Tinged with a vogue anti-Americanism, these souls do not believe in the goodness of the city on the hill, the American Founding, or the strict constructionist view of the Constitution. Most of them vote Democrat, not Republican.
Attacking the “worldview mentality” as a form of German Idealism or Hegelianism, these evangelical leftists are knocking down a straw man. They call many of the people they don’t care for, like Trump, “naïve,” “immoral,” or worse, which is less than civil, and one has to wonder why—if they want to pick this fight—they wouldn’t take on the giants of the evangelical and Reformed perspective: that litany of theologians, religious leaders, and scholars in this tradition who decidedly were not liberal.
The evangelical Left’s slanted version of church history is incomplete and highly selective, and they seem to regard the Church fathers as unlettered yahoos. Many of them were in fact Christian Platonists, and some, like Saint Paul, Hellenized Jews.
Of course, these leftists never even raise Saint Thomas’s baptism of Aristotle. In effect, they have an apparent and extreme dislike for real evangelicals—made evident through their tactics but also through their values and customs—and yet they have virtually nothing to say about Catholicism, which is still the 800-pound gorilla in the room when it comes to Christianity. Catholic evangelicals are decidedly not liberal as they have seen the drift of their Church away from its moorings.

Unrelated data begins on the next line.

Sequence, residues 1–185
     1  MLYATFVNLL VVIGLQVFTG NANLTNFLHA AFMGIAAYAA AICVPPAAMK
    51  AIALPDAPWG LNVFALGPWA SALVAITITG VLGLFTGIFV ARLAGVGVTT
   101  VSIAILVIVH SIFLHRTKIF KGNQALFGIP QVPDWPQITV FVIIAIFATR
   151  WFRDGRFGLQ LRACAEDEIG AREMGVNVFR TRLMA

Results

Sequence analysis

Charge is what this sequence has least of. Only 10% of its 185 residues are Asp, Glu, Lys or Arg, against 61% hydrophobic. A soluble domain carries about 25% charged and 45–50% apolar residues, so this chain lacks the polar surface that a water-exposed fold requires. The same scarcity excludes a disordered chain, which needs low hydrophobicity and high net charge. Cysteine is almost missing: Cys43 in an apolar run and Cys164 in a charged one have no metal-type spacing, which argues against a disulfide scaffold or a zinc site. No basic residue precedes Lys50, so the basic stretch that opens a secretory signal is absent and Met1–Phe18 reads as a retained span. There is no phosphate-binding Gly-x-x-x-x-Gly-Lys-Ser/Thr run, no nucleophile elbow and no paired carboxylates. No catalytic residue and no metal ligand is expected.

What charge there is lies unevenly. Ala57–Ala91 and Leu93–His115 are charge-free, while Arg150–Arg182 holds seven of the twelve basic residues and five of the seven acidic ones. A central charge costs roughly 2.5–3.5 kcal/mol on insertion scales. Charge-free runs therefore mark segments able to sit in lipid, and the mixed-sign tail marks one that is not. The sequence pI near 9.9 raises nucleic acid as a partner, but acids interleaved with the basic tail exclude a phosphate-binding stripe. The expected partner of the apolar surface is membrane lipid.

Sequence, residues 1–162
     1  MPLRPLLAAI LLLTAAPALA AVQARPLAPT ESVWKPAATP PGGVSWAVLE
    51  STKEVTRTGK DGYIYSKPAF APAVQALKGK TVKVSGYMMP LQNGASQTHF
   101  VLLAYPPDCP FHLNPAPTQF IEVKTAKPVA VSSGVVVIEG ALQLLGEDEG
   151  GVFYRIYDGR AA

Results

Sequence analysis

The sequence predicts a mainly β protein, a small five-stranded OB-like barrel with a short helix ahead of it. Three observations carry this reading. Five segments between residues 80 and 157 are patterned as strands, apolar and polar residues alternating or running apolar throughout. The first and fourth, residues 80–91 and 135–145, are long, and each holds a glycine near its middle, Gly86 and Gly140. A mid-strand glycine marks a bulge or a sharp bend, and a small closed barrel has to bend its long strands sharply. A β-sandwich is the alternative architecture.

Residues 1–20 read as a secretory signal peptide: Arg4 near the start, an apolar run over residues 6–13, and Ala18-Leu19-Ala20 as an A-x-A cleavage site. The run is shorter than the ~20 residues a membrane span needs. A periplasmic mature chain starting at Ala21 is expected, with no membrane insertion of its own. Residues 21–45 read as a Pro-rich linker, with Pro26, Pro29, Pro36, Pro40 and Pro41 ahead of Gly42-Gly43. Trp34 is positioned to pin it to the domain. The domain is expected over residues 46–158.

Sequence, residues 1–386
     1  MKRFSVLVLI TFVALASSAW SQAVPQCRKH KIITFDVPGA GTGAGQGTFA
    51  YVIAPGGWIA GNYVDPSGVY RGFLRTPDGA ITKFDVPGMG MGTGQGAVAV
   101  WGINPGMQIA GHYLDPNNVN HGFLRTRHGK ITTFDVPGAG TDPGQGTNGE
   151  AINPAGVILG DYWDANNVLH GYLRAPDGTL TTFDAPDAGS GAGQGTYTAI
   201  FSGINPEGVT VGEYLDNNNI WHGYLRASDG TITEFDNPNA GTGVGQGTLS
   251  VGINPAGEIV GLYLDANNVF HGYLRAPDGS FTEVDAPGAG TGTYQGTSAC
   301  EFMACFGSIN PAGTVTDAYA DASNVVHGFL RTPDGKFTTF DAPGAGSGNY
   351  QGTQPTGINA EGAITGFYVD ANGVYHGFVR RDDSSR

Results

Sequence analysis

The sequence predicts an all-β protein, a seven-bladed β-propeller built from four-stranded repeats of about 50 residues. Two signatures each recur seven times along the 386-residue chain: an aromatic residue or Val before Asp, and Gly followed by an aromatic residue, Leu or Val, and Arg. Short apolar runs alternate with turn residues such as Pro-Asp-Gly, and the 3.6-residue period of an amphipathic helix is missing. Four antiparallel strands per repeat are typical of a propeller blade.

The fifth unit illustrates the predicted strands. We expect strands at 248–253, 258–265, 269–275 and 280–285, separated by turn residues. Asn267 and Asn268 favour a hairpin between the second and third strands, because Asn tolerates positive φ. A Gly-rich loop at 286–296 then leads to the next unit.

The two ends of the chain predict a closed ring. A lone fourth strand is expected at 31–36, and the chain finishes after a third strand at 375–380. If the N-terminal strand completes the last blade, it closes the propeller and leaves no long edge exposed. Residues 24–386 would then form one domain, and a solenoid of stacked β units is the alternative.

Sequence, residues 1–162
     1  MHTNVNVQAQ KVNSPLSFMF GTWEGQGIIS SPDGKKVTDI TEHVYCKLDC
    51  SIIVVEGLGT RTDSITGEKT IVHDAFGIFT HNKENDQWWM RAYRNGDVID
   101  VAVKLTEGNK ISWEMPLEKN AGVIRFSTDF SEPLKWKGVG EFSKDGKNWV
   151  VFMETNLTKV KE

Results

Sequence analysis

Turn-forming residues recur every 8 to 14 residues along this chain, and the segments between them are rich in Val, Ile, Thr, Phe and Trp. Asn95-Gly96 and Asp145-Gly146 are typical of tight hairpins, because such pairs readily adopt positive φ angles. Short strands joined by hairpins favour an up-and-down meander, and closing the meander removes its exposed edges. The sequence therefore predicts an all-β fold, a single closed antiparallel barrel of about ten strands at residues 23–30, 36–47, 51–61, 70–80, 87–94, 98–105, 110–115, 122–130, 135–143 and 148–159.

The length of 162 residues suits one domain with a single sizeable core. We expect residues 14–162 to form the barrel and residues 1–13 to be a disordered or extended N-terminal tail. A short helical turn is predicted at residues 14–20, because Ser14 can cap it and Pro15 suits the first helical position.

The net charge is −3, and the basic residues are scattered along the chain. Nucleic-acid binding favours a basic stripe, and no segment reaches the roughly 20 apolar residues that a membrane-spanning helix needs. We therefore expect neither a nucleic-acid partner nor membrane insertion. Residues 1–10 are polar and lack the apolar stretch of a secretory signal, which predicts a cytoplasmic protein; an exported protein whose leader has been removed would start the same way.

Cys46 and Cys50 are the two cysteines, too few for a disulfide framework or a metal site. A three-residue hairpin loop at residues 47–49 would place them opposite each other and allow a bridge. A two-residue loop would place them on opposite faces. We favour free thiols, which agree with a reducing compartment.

This leftist critique is also entirely focused on America, which is myopic, given that Christianity has more adherents in the Third World than in the developed parts of the world today. There are more conservative adherents in Africa than in America and surely more there than in Europe. In fact, missionaries—conservative evangelical ones—are now regularly sent to America and Europe to convert the masses. Perhaps that should include the boardroom of Christianity Today.
But all of this is really a setup for a new view of culture, which is not that new at all, but instead a rehash of Marxists and Bourdieu and the anti-technological views of the French leftist Jacques Ellul. Proudly countercultural, these armchair social theorists, dismiss altogether the contributions to public life of real evangelical Christians. They are trying so hard to be chic.
Repudiating Christian Realism
Left-wing evangelicals have no time for actual politics or economics. As anti-individualists at pains to carp against the “great man” or heroic versions of history, they offer instead a grand sociological narrative focused on social justice. They adore such “warriors.”